Discovery could lead to stronger dental fillings

    An international group of researchers led by Professor Owen Addison from King's College London has been able to close a gap in the knowledge of photo-activated resin-based composites, commonly used in medical and dental applications.

    In a recent paper published in Nature Communications, the team from Canada, the United Kingdom, Norway and the United States described how they saw inside the resin matrix and gained insight into how filler particles interact with it during setting and influence the dental filling materials.1

    Professor Addison said: 'We've been working for a number of years using synchrotron-based techniques primarily to try and understand the evolving structure of the polymer network of the resin matrix that makes up these materials.'

    As the Chair of Oral Rehabilitation of King's College London's Faculty of Dentistry, Oral & Craniofacial Sciences and Adjunct Professor of Dentistry at the University of Alberta, Canada, Professor Addison has been interested in understanding the structure of these materials in order to improve their performance.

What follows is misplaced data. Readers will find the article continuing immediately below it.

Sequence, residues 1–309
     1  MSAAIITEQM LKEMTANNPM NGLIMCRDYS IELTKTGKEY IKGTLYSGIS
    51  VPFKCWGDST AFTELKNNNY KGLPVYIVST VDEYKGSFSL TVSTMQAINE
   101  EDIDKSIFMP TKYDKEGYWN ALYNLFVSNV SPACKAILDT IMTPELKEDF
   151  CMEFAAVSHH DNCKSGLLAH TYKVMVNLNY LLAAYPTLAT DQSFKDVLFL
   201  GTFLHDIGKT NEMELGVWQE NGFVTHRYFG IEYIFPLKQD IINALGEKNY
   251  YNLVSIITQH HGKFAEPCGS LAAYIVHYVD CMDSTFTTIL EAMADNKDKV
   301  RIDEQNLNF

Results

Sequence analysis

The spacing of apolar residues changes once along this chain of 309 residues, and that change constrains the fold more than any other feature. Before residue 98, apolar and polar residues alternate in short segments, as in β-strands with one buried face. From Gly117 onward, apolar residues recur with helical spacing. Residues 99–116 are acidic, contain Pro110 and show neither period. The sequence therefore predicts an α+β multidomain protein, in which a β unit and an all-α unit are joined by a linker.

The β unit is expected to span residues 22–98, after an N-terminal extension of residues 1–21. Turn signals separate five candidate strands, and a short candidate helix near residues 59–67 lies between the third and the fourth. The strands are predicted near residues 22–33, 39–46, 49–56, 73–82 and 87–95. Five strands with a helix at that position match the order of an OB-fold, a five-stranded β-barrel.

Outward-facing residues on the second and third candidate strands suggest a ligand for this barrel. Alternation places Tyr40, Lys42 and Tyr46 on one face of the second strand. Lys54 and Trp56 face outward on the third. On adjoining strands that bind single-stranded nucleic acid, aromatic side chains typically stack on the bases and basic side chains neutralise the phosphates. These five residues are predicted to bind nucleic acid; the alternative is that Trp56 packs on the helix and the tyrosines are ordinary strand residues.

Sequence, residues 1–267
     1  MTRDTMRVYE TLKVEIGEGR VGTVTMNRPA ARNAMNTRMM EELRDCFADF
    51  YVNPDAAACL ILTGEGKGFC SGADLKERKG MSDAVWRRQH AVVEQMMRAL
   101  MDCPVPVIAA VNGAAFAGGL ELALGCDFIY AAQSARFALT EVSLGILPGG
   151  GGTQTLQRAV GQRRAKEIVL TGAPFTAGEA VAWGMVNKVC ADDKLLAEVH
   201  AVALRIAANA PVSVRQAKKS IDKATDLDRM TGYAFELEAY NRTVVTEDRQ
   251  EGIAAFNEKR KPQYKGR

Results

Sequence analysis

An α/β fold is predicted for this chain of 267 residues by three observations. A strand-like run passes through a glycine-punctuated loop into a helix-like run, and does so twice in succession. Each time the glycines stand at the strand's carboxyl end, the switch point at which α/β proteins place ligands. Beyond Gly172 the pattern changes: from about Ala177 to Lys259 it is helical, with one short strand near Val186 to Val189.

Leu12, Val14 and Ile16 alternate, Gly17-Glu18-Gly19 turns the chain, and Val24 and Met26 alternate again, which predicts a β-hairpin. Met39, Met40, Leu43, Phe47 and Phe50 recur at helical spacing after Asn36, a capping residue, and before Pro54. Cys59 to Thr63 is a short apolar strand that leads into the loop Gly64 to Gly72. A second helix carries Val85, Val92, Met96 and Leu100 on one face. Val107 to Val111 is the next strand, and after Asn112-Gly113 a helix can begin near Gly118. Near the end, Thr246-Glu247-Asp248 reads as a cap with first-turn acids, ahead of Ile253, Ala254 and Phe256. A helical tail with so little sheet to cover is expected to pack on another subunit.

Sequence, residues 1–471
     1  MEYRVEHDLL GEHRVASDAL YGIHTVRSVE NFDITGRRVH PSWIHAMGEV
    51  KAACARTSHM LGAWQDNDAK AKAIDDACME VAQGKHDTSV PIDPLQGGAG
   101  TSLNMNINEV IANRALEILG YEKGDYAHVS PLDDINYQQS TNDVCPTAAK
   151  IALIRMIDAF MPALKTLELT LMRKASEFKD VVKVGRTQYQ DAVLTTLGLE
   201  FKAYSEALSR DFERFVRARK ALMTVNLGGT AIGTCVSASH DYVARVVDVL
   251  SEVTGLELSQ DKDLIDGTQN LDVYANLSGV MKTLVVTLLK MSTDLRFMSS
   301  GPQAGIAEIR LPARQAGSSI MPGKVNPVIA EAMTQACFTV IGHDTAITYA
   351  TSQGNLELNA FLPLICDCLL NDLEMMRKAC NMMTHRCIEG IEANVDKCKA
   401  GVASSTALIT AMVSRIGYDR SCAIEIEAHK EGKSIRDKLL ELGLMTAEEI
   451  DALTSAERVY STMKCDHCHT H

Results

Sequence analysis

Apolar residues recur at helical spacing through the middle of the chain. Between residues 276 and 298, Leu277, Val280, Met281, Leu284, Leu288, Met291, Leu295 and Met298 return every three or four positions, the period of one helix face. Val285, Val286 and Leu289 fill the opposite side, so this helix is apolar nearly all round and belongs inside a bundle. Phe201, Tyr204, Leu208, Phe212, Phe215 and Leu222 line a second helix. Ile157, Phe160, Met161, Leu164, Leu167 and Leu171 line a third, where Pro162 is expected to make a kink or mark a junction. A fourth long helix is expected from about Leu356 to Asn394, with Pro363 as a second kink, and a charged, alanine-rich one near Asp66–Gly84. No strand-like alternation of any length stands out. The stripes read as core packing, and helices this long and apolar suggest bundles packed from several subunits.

The team used a synchrotron technique that allows them to look at different resin chemistries and filler compositions. This will help researchers optimise the material, make it more resistant to wear and mechanical deterioration, and lead to less time spent in the dental clinic.

    The technique, wide field mid-infrared imaging, was used at the Mid-IR beamline (https://bit.ly/2MVSsgP) at the Canadian Light Source (CLS) - a national research facility producing the brightest light in Canada - and allowed the team to gain a greater understanding of what was happening within the matrix of the resin composite. The filler particles are introduced to the material for better mechanical performance, but there has been a significant gap in the knowledge about the way these fillers affect the polymerisation, or hardening, of the material.

    For the first time, the team was able to demonstrate that the fillers themselves modify the local reaction of the setting material. Professor Addison believes that this information has the potential to improve these resin composites, which would not only be an asset to dentistry but to other medical and industrial applications of photo-polymer composites.

    Reference

    1. 1.

      Sirovica S, Solheim J H, Skoda M W A et al. Origin of micro-scale heterogeneity in polymerisation of photo-activated resin composites. Nat Commun 2020; 11: 1849.

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    Discovery could lead to stronger dental fillings. Br Dent J 228, 913 (2020). https://doi.org/10.1038/s41415-020-1820-3

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